[15] Melissa Eddy, “Germany says hackers infiltrated its main government network,” The New York Times, March 3, 2018. See also, Kersten Mügge, “Bundesregierung plant digitalen Rettungsschuss,” Deutschlandfunk, April 20, 2017.

[16] AJ Dellinger, “Government Hacks Back: US Military Plans Malware Retaliation Against Attackers,” International Business Times, August 21, 2017.

[17] Iain Thomson,  “US Congress mulls first ‘hack back’ revenge law,” The Register, October 13, 2017.

[18] AJ Dellinger, “Government Hacks Back: US Military Plans Malware Retaliation Against Attackers,” International Business Times, August 21, 2017.

The views expressed are those of the author(s) alone. They do not necessarily reflect the views of the American Institute for Contemporary German Studies.
Sarah Lohmann

Sarah Lohmann

AICGS Senior Cyber Fellow

Dr. Sarah Lohmann is AICGS' Senior Cyber Fellow based in Germany. She coordinates the Institute's cyber projects, including the Transatlantic Cyber Partnership--which brings together U.S. and German policymakers from government, the military, the tech sector, and academia--to cooperate on cyber policy. Dr. Lohmann is an expert in the field of international relations, human rights, and security policy. With over a decade of experience in government and in the classroom, she offers a unique perspective as a well-traveled practitioner and policymaker who also delights in academia.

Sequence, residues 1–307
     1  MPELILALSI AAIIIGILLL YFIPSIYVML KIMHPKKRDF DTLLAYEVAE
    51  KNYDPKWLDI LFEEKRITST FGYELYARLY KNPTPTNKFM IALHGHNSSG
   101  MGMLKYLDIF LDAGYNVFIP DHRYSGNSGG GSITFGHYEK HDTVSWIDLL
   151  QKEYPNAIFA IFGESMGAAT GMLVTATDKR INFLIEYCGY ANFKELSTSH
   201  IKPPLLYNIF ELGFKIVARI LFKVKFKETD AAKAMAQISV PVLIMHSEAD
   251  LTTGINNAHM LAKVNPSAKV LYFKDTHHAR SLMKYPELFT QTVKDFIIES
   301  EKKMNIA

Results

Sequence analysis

Dr. Lohmann has served as a university instructor at the Universität der Bundeswehr since 2010. She achieved her doctorate in political science in 2013, when she became a senior researcher for the political science department. Prior to her tenure at the Universität der Bundeswehr, she was a press spokesman for the U.S. Department of State for the Bureau of Democracy, Human Rights and Labor, as well as for the Bureau of Near Eastern Affairs (MEPI). Before her government service, she was a journalist, and has traveled in over 30 countries worldwide. She has published one book and over a thousand articles in international press outlets, including The New York Times, The Wall Street Journal, and The Financial Times in Germany. She is a public speaker in international forums on issues of human rights, cyber security, and transatlantic relations.